Put yourself in the Picture


Put Yourself in the Picture - Take Care of YOU in 2024

Righto, so we are already halfway through the first month of 2024! Some of you may have enjoyed a break over Christmas/New Years. Others (like my family and I), have been continuing to work through the ongoing farm jobs to be tackled. We had a soft finish to harvest around the New Year, went straight into a few hot weeks of crutching and shearing, thankfully we are finished (for now) and doing final prep to head away for our annual week at the beach.

But, I'm jumping on today to get back in the blog routine, to kick off fortnightly blog posts on a Wednesday.

Past Steph has helped me out for this one, as I'm sharing an article that I contributed to the 2023 Rural Women's Day Magazine. (If you'd like some beautiful reading of incredible rural women, purchase your magazine here and follow @ruralwomensday on socials)

With no further ado, let's get into this week's article.


If you mentally listed everything you have done today, I'm going to take a guess that the list would be long (Preparing breakfast, getting smoko ready, kids dressed, head into town to fill up the diesel tank, pick up supplies at the chemist, get shearing lunch, get ready to go in the tractor...). 

Now, if you scan that list and cross out everything that you have done for your kids, husband, work, farm, community, household management and daily organisation... What is left behind? Is there anything on the list that you have done for YOU - with the sole purpose of taking care of you?

We have all heard so many times "you can't give from an empty cup" - but what will it take for us to actually listen, learn and change our behaviour? 

It’s no easy feat, but I’m on a determined path to help rural women prioritise themselves, enabling them to better care for those around them. Concepts surrounding self-care are a dime a dozen in psychology books, but making strict routines and sticking to them just isn’t possible sometimes. 

When you’ve been in the shearing shed all day, are you likely to go for a 20-minute run? No. Is it appealing to fit in a 30-minute morning yoga routine when you’ve spent half the night on the seeder? Probably not.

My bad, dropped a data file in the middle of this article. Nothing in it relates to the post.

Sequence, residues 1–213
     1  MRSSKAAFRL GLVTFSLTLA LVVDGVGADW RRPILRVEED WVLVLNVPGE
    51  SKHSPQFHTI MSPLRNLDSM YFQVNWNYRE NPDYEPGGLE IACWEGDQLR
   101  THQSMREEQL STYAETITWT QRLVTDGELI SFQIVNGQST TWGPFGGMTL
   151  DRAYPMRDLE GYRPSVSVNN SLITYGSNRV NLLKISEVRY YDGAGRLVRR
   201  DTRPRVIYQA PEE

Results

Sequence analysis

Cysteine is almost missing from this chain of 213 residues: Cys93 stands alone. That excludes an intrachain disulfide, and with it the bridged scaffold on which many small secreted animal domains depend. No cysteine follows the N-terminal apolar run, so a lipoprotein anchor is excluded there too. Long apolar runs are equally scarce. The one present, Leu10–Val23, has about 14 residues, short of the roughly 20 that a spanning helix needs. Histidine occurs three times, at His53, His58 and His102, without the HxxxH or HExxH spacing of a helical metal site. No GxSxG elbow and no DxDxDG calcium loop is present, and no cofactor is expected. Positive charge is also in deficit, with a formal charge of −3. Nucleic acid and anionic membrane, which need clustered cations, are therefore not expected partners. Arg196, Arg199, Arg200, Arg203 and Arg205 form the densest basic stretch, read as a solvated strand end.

As a farmer, psychologist, farm wife and mum, I’ve decided to put an ‘embrace the juggle’ spin on these concepts, to give you - quite literally - paddock-tested ways of prioritising you.


Moving your body is the most beneficial way to move through the stress cycle, even if external stressors haven’t passed. 

As soon as you get out of bed, try doing 50 squats (you can even do it half-awake with your eyes still shut). 

Put music on to dance, and use the music you love… it doesn’t have to be The Wiggles!

For a super helpful stress circuit breaker, shake your body or even just your hands for two minutes.

Get Present

Mindfulness is no silver bullet, but getting present, non-judgmentally, in this moment right now - can be incredibly helpful - and it’s a skill we can practice.

Use all of your senses to practice being present during daily tasks, such as while you shower, or while you enjoy your coffee. 

Be truly present with your partner or kids for five minutes a day - turn off that technology!

Reflective exercises like journalling, yoga and mindful movement can help you to come back to the present. Just a few minutes a day is better than no minutes a day.


When we notice and observe our inner experiences with a gentle curiosity, we can choose if we want to savour them or let them go. 

Check in: What do you notice right now? What do you notice around you (5 senses), inside of your body (sensations, feelings), and inside of your mind (thoughts, stories, emotions)

Next time a tricky thought shows up, try noticing “I’m having the thought that…”, or “I’m noticing that I’m feeling resentment”. See what happens when you notice and get a little space.


When you choose what you do based on what truly matters to you, you make your actions meaningful. Meaningful, valued action, improves our wellbeing.

For menial jobs, focus on how tackling the task will be overall beneficial. Trying to summon enthusiasm to tackle Mt Washmore? Well, maybe you value order in your house, or you value easing the burden on your future self.

Sometimes caring for ourselves means taking the actions we don’t want to take. Going for that cervical screening. Having a difficult conversation. Choosing not to eat the whole block of chocolate. 


With long farm working hours comes limited quality time with the ones you love. Yet, we are social creatures, and we crave connection, so we need to make the most of the time we spend together.

Ask questions: Be genuinely curious about others by asking open-ended questions.

Give praise: Communicate the qualities or actions you appreciate and enjoy, in those around you. Aim to give three compliments a day.

To Wrap Up

Just to clarify - while I may be an expert in the steps we rural women can take to manage our mental health, I am by no means an expert in putting it into practice. 

It takes physical and mental effort for our brain to create new patterns of behaviour. From my personal experience, the best way we can start to prioritise our own wellbeing and put ourselves in the picture, is by taking the smallest possible steps, focusing on one thing at a time. Remember… Rome wasn’t built in a day!


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